In recent years, scientists have shown a great interest in the study of fungi, which are implicated in various clinical disorders of humans and animals. Globally, numerous media are employed by the researchers in the microbiology and public health laboratories for the isolation of fungi from clinical and natural sources. Most of the microbiological media are very expensive, and hence, several laboratories in poor nations find it difficult to procure such costly media for routine work. This paper delineates the application of new medium called APRM for the isolation of opportunistic moulds as well as yeasts from environmental and clinical samples of humans, and animals. The new medium designated as APRM (Anubha, Pratibha, Raj, Mahendra) contained 4 g of dried marigold flower, 2 .0 g agar,50 mg of chloramphenicol, and 100 ml of distilled water. The efficacy of this newly introduced medium, was compared with routinely used Sabouraud agar. In all 245 samples comprising of 195 clinical samples (125 humans and 70 animals), and 50 environmental substrates (25 pigeon droppings and 25 soils) were cultured on the plates of APRM medium and Sabouraud agar, and the inoculated media were incubated at 25oC. Many types of filamentous moulds, and yeasts were isolated on this new medium , and also on Sabouraud agar. The detailed morphological studies of the fungi recovered on both media were compared in Narayan stain to see, if any change in the morphology has occurred on this new medium. In addition, APRM agar without antibiotics was also used to recover bacteria from 10 milk,10 stool and 10 urine obtained from clinical cases in humans and animals.The bacteria were recovered from 2 milk, 3 stool and 2 urine on our new medium as well as on nutrient agar. The new medium was also employed to make subculture of few fungi to preserve for detailed study. As this medium is very economical, freely available in India, easy to prepare, and stable at room temperature, its wider use in microbiology and public health laboratories, particularly in poor resource countries for the primary isolation of fungi from various types of materials is highly recommended. Further studies on this newly developed medium to elucidate its efficacy as selective and differential agar for any fungus and bacterium will be highly rewarding. It is hoped that APRM medium will certainly prove very useful for primary isolation of fungi from a wide variety of samples originating from humans, animals, and environment. Attempts should be made to see the efficacy of APRM medium for dermatophytes, dimorphic fungi, and Prototheca.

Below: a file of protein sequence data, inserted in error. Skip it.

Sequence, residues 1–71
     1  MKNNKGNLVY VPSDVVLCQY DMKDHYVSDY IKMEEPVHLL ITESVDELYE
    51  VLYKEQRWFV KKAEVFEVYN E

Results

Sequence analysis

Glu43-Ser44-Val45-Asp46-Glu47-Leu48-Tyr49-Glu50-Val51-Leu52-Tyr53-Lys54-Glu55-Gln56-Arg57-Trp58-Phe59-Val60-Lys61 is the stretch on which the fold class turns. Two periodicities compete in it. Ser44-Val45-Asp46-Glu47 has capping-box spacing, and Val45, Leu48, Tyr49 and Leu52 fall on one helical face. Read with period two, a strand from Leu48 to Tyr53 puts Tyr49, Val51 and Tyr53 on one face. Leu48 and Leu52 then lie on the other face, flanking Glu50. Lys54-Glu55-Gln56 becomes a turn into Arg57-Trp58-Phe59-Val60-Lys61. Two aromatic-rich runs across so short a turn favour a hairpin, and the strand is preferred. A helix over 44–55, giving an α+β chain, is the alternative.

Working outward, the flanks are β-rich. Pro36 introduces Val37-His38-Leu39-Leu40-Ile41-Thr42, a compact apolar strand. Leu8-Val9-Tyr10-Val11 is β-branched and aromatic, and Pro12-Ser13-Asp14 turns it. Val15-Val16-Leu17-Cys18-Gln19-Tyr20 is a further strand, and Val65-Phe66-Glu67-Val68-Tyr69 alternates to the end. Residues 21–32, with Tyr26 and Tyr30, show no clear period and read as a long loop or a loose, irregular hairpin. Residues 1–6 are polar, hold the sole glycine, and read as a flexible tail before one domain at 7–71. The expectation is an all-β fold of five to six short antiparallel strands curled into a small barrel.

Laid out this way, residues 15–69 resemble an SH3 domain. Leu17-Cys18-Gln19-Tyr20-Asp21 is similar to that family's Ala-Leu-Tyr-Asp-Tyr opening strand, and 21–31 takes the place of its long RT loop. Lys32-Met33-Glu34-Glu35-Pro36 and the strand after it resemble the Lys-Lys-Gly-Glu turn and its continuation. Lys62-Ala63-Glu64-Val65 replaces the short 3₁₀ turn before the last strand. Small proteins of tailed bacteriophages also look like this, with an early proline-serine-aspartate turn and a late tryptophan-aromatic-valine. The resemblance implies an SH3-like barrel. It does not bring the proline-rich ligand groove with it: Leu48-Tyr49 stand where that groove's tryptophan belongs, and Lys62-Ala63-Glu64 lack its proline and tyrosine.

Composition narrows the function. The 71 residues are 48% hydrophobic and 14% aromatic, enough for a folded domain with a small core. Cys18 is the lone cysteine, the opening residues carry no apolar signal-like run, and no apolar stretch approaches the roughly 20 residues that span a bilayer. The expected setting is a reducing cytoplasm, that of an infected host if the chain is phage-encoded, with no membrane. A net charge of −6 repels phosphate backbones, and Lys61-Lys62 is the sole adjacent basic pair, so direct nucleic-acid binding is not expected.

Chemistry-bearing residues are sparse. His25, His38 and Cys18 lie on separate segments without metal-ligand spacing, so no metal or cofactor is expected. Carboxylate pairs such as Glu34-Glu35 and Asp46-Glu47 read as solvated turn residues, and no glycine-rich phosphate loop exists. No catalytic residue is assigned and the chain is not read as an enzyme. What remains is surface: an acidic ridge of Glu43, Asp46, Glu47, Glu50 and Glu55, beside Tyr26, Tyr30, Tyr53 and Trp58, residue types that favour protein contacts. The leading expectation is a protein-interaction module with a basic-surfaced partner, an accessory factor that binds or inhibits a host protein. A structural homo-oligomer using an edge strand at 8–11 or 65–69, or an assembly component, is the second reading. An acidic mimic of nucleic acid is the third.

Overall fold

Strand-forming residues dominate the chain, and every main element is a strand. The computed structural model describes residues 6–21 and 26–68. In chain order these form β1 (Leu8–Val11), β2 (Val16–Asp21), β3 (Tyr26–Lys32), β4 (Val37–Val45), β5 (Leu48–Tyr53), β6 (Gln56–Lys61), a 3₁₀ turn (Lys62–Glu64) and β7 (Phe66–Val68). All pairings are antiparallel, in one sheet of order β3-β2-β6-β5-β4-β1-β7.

Key words: Animal, APRM, Clinical samples, Environmental materials, Fungi, Human, Narayan stain, New medium